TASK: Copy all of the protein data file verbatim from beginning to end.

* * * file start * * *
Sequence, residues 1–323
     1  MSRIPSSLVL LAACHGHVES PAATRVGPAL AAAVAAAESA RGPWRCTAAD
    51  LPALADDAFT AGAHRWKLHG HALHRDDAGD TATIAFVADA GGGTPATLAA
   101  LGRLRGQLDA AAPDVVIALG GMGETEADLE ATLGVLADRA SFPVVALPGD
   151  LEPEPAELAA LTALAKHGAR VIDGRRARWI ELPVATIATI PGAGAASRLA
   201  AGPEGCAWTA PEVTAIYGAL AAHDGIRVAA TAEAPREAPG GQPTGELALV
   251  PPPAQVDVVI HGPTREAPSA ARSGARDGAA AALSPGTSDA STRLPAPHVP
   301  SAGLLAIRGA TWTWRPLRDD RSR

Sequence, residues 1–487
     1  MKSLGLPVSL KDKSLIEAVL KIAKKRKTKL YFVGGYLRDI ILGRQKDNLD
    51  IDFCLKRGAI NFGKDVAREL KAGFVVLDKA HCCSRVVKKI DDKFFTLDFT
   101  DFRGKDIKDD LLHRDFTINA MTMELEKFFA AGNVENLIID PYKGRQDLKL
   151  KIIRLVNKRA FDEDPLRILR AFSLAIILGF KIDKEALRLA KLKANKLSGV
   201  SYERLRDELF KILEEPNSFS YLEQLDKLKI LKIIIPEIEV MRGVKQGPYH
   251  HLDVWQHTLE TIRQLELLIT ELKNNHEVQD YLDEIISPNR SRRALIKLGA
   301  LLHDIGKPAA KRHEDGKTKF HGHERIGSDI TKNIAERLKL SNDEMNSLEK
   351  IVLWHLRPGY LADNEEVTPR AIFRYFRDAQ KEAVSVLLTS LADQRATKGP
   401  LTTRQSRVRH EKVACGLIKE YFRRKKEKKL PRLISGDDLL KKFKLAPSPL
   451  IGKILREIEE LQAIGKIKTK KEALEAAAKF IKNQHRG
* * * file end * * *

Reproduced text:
Sequence, residues 1–323
     1  MSRIPSSLVL LAACHGHVES PAATRVGPAL AAAVAAAESA RGPWRCTAAD
    51  LPALADDAFT AGAHRWKLHG HALHRDDAGD TATIAFVADA GGGTPATLAA
   101  LGRLRGQLDA AAPDVVIALG GMGETEADLE ATLGVLADRA SFPVVALPGD
   151  LEPEPAELAA LTALAKHGAR VIDGRRARWI ELPVATIATI PGAGAASRLA
   201  AGPEGCAWTA PEVTAIYGAL AAHDGIRVAA TAEAPREAPG GQPTGELALV
   251  PPPAQVDVVI HGPTREAPSA ARSGARDGAA AALSPGTSDA STRLPAPHVP
   301  SAGLLAIRGA TWTWRPLRDD RSR

Sequence, residues 1–487
     1  MKSLGLPVSL KDKSLIEAVL KIAKKRKTKL YFVGGYLRDI ILGRQKDNLD
    51  IDFCLKRGAI NFGKDVAREL KAGFVVLDKA HCCSRVVKKI DDKFFTLDFT
   101  DFRGKDIKDD LLHRDFTINA MTMELEKFFA AGNVENLIID PYKGRQDLKL
   151  KIIRLVNKRA FDEDPLRILR AFSLAIILGF KIDKEALRLA KLKANKLSGV
   201  SYERLRDELF KILEEPNSFS YLEQLDKLKI LKIIIPEIEV MRGVKQGPYH
   251  HLDVWQHTLE TIRQLELLIT ELKNNHEVQD YLDEIISPNR SRRALIKLGA
   301  LLHDIGKPAA KRHEDGKTKF HGHERIGSDI TKNIAERLKL SNDEMNSLEK
   351  IVLWHLRPGY LADNEEVTPR AIFRYFRDAQ KEAVSVLLTS LADQRATKGP
   401  LTTRQSRVRH EKVACGLIKE YFRRKKEKKL PRLISGDDLL KKFKLAPSPL
   451  IGKILREIEE LQAIGKIKTK KEALEAAAKF IKNQHRG